By Sue Loughlin
TERRE HAUTE — Students and staff at Sarah Scott Middle School voted to make Barack Obama president and Mitch Daniels governor during a mock election Tuesday.
Obama won handily, but the governor’s race was much closer. Obama received 321 votes, while Republican John McCain received 99. “I was surprised it wasn’t closer,” said Ross Cadick, a history teacher who helped organize the mock election.
About 570 students and staff were eligible to vote.
In the governor’s race, Daniels received 141 votes to 124 for Democrat opponent Jill Long Thompson.
Cadick suggested that the paper ballot format — with the governor’s race squeezed in at the bottom of the first page — might have caused some people to forget to vote in that race.
Students who are members of the school’s in-house TV News Crew set up a room as a lifelike polling site and they served as election workers.
Voters even had to show an identification card, and if they didn’t have one, they had to vote using a provisional ballot.
They also had to sign in at the mock polling site, and their names were checked and verified — just like the real thing. They were then issued a ballot and could go to one of several booths.
“We tried to make it as real as possible,” said Tony Smodilla, school media specialist, who organized the project with Cadick. “I thought it would be a good opportunity for kids to learn what voting is like.”
Students and staff voted during their lunch periods.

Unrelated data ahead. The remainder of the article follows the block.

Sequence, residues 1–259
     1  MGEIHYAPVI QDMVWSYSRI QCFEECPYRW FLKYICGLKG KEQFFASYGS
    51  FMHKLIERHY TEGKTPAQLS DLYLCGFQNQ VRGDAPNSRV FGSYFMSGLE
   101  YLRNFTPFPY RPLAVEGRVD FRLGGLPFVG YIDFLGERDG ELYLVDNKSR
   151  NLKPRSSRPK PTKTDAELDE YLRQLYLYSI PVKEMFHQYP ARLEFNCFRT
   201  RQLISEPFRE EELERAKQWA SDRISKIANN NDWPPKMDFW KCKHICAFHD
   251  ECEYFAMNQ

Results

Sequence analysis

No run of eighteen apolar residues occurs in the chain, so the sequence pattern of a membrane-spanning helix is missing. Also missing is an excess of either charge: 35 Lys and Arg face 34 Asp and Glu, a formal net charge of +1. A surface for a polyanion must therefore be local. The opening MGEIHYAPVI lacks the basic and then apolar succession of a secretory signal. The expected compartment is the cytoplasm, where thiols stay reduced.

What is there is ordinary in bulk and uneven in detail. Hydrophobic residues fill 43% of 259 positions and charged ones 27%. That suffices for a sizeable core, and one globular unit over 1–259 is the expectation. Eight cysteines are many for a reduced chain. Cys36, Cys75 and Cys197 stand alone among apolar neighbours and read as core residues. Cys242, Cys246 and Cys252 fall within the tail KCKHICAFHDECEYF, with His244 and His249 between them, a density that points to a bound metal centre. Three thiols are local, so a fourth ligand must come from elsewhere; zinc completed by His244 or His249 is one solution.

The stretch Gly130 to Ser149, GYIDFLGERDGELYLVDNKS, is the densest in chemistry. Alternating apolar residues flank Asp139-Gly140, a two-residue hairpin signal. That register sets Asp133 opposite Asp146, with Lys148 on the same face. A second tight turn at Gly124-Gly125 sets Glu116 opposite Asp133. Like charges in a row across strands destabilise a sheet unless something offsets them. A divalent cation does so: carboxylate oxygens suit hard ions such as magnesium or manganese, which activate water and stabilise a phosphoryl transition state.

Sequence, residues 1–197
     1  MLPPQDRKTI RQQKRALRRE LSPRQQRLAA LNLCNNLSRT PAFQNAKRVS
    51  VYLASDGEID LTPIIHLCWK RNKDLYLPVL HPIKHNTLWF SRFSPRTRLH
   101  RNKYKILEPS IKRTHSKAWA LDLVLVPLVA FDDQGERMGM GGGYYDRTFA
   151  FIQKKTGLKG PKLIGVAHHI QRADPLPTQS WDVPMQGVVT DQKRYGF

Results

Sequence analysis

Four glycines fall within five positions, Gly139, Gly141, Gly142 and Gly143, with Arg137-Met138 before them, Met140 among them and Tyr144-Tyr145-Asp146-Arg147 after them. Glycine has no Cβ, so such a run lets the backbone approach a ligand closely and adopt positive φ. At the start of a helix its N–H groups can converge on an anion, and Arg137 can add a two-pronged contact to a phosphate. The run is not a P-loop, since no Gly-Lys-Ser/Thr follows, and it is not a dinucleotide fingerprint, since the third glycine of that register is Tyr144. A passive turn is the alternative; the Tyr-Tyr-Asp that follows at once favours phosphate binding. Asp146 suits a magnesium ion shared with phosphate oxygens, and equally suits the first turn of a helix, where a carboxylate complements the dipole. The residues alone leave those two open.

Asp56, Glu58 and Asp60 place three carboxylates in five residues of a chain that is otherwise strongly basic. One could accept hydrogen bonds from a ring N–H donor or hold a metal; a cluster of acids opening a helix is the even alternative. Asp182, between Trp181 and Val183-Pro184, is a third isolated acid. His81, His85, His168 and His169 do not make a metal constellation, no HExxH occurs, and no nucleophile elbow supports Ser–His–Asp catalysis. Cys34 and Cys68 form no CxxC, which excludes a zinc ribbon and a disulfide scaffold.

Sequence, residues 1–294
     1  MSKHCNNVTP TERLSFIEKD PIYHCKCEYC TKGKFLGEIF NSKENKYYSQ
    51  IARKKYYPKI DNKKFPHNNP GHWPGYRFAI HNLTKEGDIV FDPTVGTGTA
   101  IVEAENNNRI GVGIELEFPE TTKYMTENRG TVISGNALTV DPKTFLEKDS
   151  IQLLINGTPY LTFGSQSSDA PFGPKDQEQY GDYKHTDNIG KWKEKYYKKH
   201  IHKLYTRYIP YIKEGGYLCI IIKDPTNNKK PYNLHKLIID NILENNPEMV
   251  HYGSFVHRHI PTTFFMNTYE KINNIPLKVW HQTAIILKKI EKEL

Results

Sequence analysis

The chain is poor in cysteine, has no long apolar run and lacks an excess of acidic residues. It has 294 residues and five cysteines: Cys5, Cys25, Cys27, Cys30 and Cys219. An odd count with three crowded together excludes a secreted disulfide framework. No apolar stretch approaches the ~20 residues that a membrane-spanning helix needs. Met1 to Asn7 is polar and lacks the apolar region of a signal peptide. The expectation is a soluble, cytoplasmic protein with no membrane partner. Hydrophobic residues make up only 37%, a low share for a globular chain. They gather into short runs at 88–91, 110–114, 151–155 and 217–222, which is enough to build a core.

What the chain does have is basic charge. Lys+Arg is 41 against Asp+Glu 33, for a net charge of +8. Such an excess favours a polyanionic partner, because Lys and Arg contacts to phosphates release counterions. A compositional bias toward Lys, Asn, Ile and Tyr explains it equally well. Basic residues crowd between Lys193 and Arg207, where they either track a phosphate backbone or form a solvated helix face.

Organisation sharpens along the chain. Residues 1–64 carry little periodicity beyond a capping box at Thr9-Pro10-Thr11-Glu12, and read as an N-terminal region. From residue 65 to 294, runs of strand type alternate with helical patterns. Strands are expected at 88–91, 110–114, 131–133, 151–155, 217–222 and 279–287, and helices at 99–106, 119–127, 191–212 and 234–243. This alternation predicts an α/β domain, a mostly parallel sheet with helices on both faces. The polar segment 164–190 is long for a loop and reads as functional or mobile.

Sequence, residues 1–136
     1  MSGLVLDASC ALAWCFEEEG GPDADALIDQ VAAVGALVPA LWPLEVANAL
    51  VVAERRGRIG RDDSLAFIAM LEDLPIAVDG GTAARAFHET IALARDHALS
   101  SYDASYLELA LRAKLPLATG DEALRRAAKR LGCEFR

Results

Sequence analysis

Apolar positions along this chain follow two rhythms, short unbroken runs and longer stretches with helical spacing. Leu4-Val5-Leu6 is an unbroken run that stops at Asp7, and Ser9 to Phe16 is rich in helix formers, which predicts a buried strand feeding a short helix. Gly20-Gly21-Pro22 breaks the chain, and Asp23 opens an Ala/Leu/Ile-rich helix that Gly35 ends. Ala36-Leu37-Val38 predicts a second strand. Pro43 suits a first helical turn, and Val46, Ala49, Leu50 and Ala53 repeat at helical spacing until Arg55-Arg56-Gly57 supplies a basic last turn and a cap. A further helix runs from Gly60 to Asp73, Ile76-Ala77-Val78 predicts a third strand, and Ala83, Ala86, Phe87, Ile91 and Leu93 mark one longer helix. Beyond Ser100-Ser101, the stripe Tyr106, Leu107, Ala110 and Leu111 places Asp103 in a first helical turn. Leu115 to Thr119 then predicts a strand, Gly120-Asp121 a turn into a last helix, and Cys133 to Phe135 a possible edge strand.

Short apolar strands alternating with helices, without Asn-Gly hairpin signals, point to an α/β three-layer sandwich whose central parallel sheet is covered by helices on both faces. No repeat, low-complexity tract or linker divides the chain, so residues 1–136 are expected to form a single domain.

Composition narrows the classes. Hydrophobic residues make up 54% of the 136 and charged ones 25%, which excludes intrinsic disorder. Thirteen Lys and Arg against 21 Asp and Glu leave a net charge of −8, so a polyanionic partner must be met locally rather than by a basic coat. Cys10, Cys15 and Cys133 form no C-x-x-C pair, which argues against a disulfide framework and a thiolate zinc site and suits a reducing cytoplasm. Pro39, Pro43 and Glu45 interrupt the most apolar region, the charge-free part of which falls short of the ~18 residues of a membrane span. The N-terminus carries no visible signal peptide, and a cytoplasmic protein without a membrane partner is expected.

The ballot also included a hypothetical presidential election — if past presidents such as George Washington, Abraham Lincoln, Teddy Roosevelt and John Kennedy were still alive today, who would they choose to lead the nation? Ten past presidents were in the make-believe election, including Ronald Reagan and Bill Clinton.
The ballot question read, “If miracles could happen, which one of the following presidents would you want to lead the nation?”
Students and staff chose Lincoln, who received 124 votes. The next closest was Kennedy, who received 60.
Students poll workers were enthusiastic about the mock election.
Eighth-grader Calen McDonald said, “It was a great experience.” Voting for the country’s next leader “is a big decision.”
Sarah Scott students are very interested in this election, she said. “We’re taking it seriously,” McDonald said.
She voted for Obama for president. He wants to make changes, she said, and “he would make a difference.”
Heavin Shepherd, a seventh-grader, served as a clerk in the mock election. He voted for Obama because “he’ll do a lot of good stuff” for the country.
Seventh-grader Kaleb Carpenter voted for McCain because “I don’t think Obama is going to do the best for the country.”
Eighth-grader Victoria Zachary said she realizes how important presidential elections are in deciding the country’s future. The next president will have to deal with the war in Iraq, the economy and taxes, she said.
She voted for John McCain because she likes his position on the issues. “He’s not for abortion,” she said. She also agrees with his views on the war in Iraq.
Cadick said that in the past, his eighth-grade students have often shown little interest in voting. They don’t believe their vote will count, or they say they won’t have time.
He hopes the mock election will inspire many of them to vote when they turn 18 and to realize, “Your vote really does matter.”
Sue Loughlin can be reached at (812) 231-4235 or email@example.com.